Whether despair is contrary to hope?
It would seem that despair is not contrary to hope.
Because "to one thing there is one contrary" (Metaph. x, 5).
But fear is contrary to hope.
Therefore despair is not contrary to hope.
Further, contraries seem to bear on the same thing.
But hope and despair do not bear on the same thing: since hope regards the good, whereas despair arises from some evil that is in the way of obtaining good.
Therefore hope is not contrary to despair.
Further, movement is contrary to movement: while repose is in opposition to movement as a privation thereof.
But despair seems to imply immobility rather than movement.
Therefore it is not contrary to hope, which implies movement of stretching out towards the hoped-for good.
On the contrary,
The very name of despair [desperatio] implies that it is contrary to hope [spes].
I answer that,
As stated above ( Q , A ), there is a twofold contrariety of movements.
One is in respect of approach to contrary terms: and this contrariety alone is to be found in the concupiscible passions, for instance between love and hatred.
The other is according to approach and withdrawal with regard to the same term; and is to be found in the irascible passions, as stated above ( Q , A ).
Now the object of hope, which is the arduous good, has the character of a principle of attraction, if it be considered in the light of something attainable; and thus hope tends thereto, for it denotes a kind of approach.
But in so far as it is considered as unobtainable, it has the character of a principle of repulsion, because, as stated in Ethic. iii, 3, "when men come to an impossibility they disperse."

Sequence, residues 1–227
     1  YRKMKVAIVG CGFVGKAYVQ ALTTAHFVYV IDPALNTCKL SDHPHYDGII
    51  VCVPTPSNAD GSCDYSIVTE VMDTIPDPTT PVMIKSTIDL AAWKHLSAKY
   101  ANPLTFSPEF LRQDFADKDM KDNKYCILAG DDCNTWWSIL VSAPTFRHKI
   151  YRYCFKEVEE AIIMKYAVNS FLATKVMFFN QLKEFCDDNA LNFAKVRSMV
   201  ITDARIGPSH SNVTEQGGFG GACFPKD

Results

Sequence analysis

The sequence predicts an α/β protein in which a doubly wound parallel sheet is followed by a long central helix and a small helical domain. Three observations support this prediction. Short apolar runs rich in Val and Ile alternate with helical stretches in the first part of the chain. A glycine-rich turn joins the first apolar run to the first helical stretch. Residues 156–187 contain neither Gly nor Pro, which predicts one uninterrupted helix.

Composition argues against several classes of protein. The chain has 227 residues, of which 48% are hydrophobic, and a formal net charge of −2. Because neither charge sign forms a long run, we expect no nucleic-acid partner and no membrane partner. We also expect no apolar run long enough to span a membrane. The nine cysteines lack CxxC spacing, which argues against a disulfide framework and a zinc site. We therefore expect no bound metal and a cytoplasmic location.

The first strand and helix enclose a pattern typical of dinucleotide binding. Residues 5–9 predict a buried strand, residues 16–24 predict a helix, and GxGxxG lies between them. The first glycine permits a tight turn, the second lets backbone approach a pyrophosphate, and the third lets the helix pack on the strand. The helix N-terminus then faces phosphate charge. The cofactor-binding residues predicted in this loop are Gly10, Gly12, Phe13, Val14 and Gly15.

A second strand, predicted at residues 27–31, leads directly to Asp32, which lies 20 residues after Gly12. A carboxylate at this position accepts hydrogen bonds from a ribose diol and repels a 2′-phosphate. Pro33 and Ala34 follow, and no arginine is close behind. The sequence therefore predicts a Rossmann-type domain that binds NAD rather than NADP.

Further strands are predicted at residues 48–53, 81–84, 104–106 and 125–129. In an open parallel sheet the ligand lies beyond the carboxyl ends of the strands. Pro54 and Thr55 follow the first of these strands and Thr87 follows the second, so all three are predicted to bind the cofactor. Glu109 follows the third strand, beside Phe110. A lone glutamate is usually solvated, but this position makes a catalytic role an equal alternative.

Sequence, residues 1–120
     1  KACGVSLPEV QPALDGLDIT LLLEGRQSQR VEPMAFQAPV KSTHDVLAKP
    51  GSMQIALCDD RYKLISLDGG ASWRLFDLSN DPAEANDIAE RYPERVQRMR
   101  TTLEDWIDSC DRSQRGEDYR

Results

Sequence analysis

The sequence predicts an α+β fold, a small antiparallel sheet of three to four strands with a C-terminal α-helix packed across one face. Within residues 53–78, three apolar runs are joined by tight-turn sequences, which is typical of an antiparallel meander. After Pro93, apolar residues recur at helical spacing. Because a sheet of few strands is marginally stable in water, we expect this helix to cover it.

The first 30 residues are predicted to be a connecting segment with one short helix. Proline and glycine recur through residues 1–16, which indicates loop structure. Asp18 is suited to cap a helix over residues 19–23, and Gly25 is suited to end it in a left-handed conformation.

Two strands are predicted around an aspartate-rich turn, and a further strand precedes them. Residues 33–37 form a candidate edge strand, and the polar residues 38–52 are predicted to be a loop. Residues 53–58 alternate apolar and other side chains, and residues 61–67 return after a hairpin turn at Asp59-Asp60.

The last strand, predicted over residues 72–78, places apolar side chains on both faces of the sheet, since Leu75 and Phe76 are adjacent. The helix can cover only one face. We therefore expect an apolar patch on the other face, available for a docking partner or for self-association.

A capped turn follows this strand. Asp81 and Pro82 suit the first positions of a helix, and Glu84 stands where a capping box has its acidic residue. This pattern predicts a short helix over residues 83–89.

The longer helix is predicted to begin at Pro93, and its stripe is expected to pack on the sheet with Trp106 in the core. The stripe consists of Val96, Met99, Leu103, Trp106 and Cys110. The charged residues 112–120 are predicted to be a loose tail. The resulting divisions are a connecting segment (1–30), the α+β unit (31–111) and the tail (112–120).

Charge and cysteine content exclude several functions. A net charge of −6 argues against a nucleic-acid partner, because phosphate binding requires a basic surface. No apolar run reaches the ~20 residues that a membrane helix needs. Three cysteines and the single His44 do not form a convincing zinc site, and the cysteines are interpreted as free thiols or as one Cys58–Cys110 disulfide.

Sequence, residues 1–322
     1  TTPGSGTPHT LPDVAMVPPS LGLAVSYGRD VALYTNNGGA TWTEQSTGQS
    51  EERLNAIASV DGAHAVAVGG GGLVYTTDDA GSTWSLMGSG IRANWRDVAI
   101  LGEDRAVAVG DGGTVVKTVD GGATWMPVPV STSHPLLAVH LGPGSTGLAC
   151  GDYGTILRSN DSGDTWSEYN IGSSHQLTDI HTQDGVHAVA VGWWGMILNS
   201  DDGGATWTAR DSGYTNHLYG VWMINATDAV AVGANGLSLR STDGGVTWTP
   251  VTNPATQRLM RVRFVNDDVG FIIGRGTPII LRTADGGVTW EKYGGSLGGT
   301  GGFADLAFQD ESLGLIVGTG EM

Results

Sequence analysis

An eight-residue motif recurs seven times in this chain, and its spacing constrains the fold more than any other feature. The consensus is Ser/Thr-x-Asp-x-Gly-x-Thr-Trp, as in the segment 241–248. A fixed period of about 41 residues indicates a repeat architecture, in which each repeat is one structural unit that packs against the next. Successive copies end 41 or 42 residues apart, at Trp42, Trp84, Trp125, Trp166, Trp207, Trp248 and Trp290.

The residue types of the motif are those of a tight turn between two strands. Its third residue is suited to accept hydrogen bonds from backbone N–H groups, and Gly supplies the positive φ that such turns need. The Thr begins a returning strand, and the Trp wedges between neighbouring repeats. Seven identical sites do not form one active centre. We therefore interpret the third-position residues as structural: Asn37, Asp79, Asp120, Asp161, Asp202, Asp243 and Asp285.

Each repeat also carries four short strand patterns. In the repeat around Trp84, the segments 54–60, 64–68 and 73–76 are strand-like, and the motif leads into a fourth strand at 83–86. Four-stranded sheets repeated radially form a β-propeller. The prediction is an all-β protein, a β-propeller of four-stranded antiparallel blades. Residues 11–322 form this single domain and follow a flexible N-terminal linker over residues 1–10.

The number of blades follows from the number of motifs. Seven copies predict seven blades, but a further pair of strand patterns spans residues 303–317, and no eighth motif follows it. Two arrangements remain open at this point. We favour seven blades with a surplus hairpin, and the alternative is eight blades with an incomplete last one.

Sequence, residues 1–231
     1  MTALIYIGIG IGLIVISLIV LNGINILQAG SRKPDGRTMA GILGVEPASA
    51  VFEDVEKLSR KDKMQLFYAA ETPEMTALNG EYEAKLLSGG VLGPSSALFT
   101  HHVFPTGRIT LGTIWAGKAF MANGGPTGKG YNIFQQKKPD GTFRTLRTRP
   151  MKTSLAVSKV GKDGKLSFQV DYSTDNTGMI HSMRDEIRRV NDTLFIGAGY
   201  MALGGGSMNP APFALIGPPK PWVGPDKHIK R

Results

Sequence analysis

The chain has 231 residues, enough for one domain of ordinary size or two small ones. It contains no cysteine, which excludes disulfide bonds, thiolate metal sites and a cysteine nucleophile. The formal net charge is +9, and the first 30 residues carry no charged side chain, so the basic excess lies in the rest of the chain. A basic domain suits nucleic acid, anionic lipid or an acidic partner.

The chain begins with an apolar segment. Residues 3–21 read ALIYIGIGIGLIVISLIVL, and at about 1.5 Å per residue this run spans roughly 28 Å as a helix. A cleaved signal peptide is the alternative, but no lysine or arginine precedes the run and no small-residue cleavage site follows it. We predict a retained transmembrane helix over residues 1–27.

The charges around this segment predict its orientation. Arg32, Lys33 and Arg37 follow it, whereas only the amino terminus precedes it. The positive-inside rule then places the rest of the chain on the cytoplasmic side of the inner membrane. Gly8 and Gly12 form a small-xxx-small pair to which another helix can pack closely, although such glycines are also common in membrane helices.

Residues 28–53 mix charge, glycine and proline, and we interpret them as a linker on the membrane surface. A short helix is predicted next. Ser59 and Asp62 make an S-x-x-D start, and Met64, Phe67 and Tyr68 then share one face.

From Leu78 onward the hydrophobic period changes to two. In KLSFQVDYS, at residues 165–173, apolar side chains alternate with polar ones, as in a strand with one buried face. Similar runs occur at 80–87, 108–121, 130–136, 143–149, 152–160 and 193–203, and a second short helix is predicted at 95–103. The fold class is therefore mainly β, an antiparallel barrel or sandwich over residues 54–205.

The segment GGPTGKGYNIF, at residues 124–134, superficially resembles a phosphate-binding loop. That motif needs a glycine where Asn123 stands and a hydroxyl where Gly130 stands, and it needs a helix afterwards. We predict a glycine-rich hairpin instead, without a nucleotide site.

And this is how despair stands in regard to this object, wherefore it implies a movement of withdrawal: and consequently it is contrary to hope, as withdrawal is to approach.
Reply to Objection 1:
Fear is contrary to hope, because their objects, i. e. good and evil, are contrary: for this contrariety is found in the irascible passions, according as they ensue from the passions of the concupiscible.
But despair is contrary to hope, only by contrariety of approach and withdrawal.
Reply to Objection 2:
Despair does not regard evil as such; sometimes however it regards evil accidentally, as making the difficult good impossible to obtain.
But it can arise from the mere excess of good.
Reply to Objection 3:
Despair implies not only privation of hope, but also a recoil from the thing desired, by reason of its being esteemed impossible to get.
Hence despair, like hope, presupposes desire; because we neither hope for nor despair of that which we do not desire to have.
For this reason, too, each of them regards the good, which is the object of desire.